Fatty Liver (cont.)
In this Article
- Nonalcoholic fatty liver facts
- What is fatty liver disease?
- What causes nonalcoholic fatty liver disease?
- What are the signs and symptoms of fatty liver?
- How is nonalcoholic fatty liver disease diagnosed?
- What is the treatment for nonalcoholic fatty liver disease?
- Fatty liver and diet
- Fatty liver, weight loss, and exercise
- Medications and other treatment options
- Bariatric surgery
- Liver transplantation
- What is the relationship between nonalcoholic fatty liver disease and cardiovascular disease?
- What diseases are associated with nonalcoholic fatty liver disease?
- What are the complications of nonalcoholic fatty liver disease?
- Does nonalcoholic fatty liver disease occur in children?
- Find a local Gastroenterologist in your town
Fatty liver and diet
Nonalcoholic fatty liver disease has been associated in human or animal studies with reduced amounts of unsaturated fats (a diet high in saturated fat) and increased amounts of fructose (which is most commonly added to the diet as high-fructose corn syrup). Benefits of increasing unsaturated fat (a diet lower in saturated fat, and higher unsaturated fat) and reducing high fructose corn syrup on nonalcoholic fatty liver disease have not been demonstrated; however, there is little harm in doing so, especially since there may be benefits of these dietary modifications unrelated to the liver.
An interesting observation - though unexplained - is that there is less scarring (fibrosis) in the livers of patients with NASH who drink more than two cups of coffee per day. (Scarring or fibrosis is the process that ultimately leads to cirrhosis.) Similar benefits of coffee have been associated with lesser degrees of liver disease in both alcoholic cirrhosis and hepatitis C. It is not unreasonable to recommend drinking coffee in moderate amounts in view of the lack of harmful side effects.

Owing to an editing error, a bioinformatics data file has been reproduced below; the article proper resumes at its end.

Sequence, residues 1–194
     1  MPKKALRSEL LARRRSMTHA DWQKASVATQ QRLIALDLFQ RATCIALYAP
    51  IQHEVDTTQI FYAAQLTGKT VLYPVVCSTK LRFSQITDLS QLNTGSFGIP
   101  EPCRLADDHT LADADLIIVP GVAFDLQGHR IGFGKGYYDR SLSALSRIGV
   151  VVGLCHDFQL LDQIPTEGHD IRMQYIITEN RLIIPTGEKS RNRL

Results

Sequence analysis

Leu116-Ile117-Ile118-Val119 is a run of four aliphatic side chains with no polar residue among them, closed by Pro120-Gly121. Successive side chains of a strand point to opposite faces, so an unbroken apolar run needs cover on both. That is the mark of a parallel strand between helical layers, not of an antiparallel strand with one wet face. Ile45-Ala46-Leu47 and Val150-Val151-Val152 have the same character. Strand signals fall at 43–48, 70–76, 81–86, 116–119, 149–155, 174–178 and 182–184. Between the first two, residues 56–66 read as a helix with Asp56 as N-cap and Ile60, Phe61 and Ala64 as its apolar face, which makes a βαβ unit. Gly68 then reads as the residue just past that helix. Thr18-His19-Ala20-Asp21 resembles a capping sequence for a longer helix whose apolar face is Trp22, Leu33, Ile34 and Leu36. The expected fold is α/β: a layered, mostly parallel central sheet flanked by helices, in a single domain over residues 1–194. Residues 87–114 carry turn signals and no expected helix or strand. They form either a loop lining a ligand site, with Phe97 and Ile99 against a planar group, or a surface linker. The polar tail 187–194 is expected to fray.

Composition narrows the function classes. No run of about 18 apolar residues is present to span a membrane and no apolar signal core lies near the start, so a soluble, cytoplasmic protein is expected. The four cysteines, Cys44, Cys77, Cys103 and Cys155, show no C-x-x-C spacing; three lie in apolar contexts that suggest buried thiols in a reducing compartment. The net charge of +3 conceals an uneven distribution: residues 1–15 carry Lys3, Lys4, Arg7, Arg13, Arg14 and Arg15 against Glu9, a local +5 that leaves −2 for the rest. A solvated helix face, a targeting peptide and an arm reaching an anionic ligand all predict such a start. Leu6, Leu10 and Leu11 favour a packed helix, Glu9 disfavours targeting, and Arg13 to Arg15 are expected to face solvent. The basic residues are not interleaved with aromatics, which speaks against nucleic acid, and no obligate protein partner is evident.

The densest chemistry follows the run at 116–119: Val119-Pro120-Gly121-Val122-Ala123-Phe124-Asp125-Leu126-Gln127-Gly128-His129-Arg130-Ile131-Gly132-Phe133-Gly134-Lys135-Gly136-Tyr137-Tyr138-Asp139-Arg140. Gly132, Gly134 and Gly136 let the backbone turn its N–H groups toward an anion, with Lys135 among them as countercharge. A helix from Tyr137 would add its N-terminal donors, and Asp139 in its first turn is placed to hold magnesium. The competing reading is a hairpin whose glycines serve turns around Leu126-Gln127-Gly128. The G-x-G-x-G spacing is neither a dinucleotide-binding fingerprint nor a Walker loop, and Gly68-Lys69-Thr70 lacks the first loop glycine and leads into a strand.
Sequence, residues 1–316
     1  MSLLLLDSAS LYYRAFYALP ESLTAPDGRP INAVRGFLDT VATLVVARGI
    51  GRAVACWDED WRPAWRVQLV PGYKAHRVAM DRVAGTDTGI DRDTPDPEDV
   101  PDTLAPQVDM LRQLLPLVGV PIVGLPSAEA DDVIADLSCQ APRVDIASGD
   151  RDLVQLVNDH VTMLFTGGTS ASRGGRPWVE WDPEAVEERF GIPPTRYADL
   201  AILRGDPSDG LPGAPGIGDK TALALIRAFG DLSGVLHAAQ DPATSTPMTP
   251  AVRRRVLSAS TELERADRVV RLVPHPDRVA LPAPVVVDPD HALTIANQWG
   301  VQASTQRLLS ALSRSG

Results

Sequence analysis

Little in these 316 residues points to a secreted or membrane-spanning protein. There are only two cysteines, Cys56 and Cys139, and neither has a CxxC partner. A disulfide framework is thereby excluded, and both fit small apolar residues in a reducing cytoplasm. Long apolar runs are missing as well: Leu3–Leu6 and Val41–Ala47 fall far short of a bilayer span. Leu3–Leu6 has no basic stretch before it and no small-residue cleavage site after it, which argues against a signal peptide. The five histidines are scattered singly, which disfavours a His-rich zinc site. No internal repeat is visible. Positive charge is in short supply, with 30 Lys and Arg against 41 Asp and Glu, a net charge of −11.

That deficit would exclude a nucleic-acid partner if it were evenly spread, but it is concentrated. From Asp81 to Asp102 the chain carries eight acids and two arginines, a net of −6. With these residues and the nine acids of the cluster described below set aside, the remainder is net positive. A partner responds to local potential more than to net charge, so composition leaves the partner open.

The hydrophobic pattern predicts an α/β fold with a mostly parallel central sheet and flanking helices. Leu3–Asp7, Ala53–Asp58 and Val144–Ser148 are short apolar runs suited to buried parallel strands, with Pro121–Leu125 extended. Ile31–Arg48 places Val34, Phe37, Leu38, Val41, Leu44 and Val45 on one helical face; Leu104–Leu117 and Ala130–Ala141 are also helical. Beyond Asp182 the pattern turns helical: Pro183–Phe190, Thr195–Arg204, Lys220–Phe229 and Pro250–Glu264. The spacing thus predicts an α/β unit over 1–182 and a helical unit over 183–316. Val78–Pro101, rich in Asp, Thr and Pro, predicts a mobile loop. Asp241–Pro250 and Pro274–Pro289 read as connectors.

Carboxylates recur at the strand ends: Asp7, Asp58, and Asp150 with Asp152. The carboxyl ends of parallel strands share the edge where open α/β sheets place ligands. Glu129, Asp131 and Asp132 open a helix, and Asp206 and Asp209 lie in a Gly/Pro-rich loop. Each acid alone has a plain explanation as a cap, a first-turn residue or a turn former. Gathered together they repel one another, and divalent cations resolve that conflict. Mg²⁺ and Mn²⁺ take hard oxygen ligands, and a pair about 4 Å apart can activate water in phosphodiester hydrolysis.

Vitamin D deficiency is associated with nonalcoholic fatty liver disease. Although there is no reason to think that this deficiency contributes to nonalcoholic fatty liver disease, it is reasonable to measure vitamin D levels in patients with nonalcoholic fatty liver disease and treat them with vitamin D if they are deficient.
There is no evidence of harmful effects of light alcohol consumption (two or fewer drinks per day for men, one or fewer for women) on nonalcoholic fatty liver disease though there also is no evidence that it is safe! Larger amounts of alcohol consumption should be avoided by everyone, including individuals with nonalcoholic fatty liver disease.
Fatty liver, weight loss, and exercise
Since the serious complications of nonalcoholic fatty liver disease are primarily seen in patients with NASH, treatment of NASH is of great importance. Unfortunately there are no clearly effective treatments for these patients. One of the difficulties in identifying effective treatments is the need for long-term studies since the progression of NASH to cirrhosis and its complications occurs slowly. Several treatments have resulted in a reduction of fat in the liver, but few have shown that the progression of NASH is slowed.
Weight loss and exercise are among the most promising of treatments for nonalcoholic fatty liver disease. It does not take large amounts of weight loss to result in a decrease in liver fat. A less than 10% decrease in weight may be enough. Vigorous exercise results in a reduction of liver fat and also may reduce the inflammation of NASH. The long-term effects of weight loss and exercise on the important development of cirrhosis and its complications are unknown. Nevertheless, at the present time, the best theoretical approach to nonalcoholic fatty liver disease is weight loss and vigorous exercise. Unfortunately, only a minority of patients are able to accomplish these.
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